...uncomfortable, wet and exhausting
After several years of mostly tactical racing in comparatively benign conditions, the 2010 Rolex Sydney Hobart is set to return to its more traditional ways, with competitors told that they are in for some very tough, boat and spirit-breaking sailing for at least the first 300 nautical miles of the race.
The Bureau of Meteorology has predicted that early in the race the fleet will strike a southerly change on the New South Wales coast, and by early Sunday evening the winds will have built to between 20 and 30 knots.
Blessedly the current will not be a fast as in recent years, so the waves will not be so steep, but in the cantankerous seas off the east coast, where waves seem to bounce back off the continent and come at you from a host of different angles, it will make for a cold night on a bucking bronco of a boat, the crew perched on the perpetually drenching rail.
“It is going to be pretty tough going,” says the Bureau’s regional director NSW Barry Hanstrum. “There is very little indication of any downwind sailing.”
Indeed on Monday a low pressure area pushing below Tasmania will reinforce the first southerly. As the front runners launch across Bass Strait they are expected to plunge into 30 to 40 knot headwinds and 4 to 5 metre seas. After battling across the Strait the yachts will then have to deal with fickle winds on the lee of Tasmania, becoming more fickle as the yachts move down the coast, while the boats behind them continue to see fresh winds, potentially swinging towards the west to give them a chance to fast reach.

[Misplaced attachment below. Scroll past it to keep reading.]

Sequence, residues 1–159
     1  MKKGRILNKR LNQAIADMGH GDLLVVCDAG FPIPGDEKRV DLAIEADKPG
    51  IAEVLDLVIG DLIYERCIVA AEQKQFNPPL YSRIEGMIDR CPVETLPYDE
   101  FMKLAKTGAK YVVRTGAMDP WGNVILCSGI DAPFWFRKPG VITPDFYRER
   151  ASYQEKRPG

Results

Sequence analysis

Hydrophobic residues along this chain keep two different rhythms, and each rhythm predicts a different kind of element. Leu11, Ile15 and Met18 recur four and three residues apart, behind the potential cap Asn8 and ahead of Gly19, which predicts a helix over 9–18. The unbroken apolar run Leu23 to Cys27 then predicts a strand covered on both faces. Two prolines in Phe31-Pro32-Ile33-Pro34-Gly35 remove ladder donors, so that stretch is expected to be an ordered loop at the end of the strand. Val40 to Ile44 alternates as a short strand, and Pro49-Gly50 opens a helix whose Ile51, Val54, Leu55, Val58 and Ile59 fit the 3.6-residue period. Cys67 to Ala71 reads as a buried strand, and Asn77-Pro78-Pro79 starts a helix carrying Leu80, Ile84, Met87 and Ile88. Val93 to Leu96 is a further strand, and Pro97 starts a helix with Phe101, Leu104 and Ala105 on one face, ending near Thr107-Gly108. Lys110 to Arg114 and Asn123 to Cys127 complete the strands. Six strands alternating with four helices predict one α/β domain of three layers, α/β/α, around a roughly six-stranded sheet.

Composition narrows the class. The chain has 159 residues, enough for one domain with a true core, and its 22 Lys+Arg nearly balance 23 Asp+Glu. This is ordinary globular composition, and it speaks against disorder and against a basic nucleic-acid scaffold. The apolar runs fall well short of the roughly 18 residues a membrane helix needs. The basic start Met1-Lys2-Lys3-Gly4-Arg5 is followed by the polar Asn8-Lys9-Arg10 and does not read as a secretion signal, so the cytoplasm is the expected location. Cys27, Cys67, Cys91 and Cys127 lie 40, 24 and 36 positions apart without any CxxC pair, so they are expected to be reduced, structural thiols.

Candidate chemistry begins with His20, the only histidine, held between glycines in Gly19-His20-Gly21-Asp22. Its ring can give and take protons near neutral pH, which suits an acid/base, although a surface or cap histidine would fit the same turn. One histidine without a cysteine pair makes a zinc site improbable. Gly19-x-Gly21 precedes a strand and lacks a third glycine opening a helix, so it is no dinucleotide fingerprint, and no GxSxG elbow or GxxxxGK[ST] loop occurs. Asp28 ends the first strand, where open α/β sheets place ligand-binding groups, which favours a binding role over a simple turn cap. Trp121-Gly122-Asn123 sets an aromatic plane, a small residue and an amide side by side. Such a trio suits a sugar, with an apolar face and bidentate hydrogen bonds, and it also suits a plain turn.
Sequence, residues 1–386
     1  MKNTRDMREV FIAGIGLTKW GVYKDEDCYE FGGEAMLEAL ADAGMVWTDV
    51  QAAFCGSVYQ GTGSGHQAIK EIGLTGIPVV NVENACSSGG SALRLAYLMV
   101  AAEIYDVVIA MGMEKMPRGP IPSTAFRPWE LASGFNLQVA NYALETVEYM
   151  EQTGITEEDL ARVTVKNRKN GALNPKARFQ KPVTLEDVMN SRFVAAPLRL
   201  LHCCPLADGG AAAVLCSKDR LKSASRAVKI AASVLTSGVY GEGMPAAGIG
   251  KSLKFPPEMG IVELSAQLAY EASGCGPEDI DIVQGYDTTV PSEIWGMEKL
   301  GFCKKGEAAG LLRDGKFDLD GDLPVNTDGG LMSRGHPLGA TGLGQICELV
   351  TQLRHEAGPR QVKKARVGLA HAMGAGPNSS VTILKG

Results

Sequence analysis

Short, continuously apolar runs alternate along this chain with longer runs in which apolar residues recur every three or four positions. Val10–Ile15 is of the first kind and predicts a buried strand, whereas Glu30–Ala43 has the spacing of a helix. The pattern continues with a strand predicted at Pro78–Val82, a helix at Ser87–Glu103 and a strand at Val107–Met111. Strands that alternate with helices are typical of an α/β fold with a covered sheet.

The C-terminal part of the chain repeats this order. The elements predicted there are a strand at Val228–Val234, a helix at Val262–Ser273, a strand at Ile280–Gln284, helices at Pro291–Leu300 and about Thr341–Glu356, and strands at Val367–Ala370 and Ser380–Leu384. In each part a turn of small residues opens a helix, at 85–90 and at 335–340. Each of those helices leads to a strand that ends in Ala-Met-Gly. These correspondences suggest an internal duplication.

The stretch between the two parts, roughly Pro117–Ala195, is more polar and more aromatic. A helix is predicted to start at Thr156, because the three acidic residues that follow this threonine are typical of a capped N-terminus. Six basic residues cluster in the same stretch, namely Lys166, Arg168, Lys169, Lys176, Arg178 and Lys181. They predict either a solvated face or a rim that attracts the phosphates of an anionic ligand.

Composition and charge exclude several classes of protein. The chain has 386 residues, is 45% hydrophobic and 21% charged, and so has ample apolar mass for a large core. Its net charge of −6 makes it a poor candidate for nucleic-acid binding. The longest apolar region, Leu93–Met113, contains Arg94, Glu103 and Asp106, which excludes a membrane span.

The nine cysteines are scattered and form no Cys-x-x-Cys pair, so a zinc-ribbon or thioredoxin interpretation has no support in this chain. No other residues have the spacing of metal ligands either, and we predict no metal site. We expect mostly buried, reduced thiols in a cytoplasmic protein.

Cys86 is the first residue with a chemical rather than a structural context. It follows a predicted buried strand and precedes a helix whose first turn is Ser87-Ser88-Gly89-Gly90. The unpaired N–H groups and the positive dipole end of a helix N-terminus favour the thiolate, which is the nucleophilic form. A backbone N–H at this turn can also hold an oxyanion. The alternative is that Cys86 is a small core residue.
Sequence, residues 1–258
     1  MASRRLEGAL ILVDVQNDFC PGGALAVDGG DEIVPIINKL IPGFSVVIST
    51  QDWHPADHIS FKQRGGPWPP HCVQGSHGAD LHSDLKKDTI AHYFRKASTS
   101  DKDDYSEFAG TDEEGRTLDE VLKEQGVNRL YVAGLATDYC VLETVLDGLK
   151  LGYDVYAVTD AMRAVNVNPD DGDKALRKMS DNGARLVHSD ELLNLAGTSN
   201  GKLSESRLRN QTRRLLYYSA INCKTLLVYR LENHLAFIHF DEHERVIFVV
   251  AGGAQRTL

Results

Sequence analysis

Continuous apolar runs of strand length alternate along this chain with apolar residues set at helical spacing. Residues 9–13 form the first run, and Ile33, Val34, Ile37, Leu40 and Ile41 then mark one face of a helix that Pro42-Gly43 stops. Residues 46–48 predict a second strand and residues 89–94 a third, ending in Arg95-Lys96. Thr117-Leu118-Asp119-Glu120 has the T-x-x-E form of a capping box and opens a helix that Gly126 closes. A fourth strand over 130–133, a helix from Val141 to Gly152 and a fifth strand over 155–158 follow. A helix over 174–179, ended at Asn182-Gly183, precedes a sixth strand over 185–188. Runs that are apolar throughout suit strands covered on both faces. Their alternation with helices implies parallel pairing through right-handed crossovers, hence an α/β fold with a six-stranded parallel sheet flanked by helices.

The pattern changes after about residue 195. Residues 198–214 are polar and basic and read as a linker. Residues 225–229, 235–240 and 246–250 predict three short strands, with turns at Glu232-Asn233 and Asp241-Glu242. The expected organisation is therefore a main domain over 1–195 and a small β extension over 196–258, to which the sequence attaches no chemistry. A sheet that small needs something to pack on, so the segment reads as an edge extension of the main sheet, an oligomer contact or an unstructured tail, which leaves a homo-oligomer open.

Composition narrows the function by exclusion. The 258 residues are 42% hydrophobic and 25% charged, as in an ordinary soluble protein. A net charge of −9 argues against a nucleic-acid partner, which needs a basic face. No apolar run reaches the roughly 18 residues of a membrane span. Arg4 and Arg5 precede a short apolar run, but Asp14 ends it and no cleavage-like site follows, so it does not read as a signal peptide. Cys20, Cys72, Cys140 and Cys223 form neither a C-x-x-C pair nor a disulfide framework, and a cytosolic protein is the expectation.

With this forecast you can forget about race records, says Ian Burns, co-navigator of line honours favourite Wild Oats XI. He thinks that for the first 300 nautical miles of the race they will be trying to slow the 100 foot maxi down, to keep her in one piece.
“The real challenge of the first couple of nights will be keeping the boat together. We’ll be slowing down rather than necessarily trying to break any records or break our opposition. We just want to be sure we don’t break ourselves.”
Burns thinks Wild Oats XI could take up to two and a half days to reach Hobart, almost a day longer than her 2005 record pace of 1 day 18 hours and 40 minutes.
The southerlies will be a great equaliser in the dash for line honours. In a race to windward in flat seas there is no doubt Wild Oats XI holds a clear advantage over her heavier rivals, Investec Loyal, Lahana, YuuZoo and Brindabella, but with everyone resorting to two, and sometimes three reefs in their sails, this will be no flat-water sprint.
The front runners will be much more bunched, and Matt Allen, in his Volvo 70 Ichi Ban has been waiting for these conditions for years. This is just what his round-the-world racer was built for.
For every skipper the challenge will be the same for the first 48 hours; don’t break the boat, and somehow keep the crew rested enough, well fed enough, warm enough, so that when the time for intense tactical racing down the Tasmania east coast falls due on Tuesday and Wednesday they are completely switched on.
Bryan Northcote, navigator on Syd Fisher’s TP52 Ragamuffin, believes the navigators won’t have much to contribute those first 300 miles. The weather will decide what the boats do and where they go. But the second 300 miles will be where the tacticians and navigators shine.